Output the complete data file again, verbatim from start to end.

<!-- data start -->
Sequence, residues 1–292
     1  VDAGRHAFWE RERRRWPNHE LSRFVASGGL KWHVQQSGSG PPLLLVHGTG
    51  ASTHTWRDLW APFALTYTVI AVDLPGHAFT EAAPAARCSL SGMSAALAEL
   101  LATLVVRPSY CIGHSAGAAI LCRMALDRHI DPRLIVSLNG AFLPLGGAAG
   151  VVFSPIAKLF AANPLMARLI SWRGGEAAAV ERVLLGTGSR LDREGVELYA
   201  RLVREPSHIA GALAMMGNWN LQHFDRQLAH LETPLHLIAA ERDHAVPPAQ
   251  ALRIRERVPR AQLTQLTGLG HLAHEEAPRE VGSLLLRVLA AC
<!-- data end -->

Sequence, residues 1–292
     1  VDAGRHAFWE RERRRWPNHE LSRFVASGGL KWHVQQSGSG PPLLLVHGTG
    51  ASTHTWRDLW APFALTYTVI AVDLPGHAFT EAAPAARCSL SGMSAALAEL
   101  LATLVVRPSY CIGHSAGAAI LCRMALDRHI DPRLIVSLNG AFLPLGGAAG
   151  VVFSPIAKLF AANPLMARLI SWRGGEAAAV ERVLLGTGSR LDREGVELYA
   201  RLVREPSHIA GALAMMGNWN LQHFDRQLAH LETPLHLIAA ERDHAVPPAQ
   251  ALRIRERVPR AQLTQLTGLG HLAHEEAPRE VGSLLLRVLA AC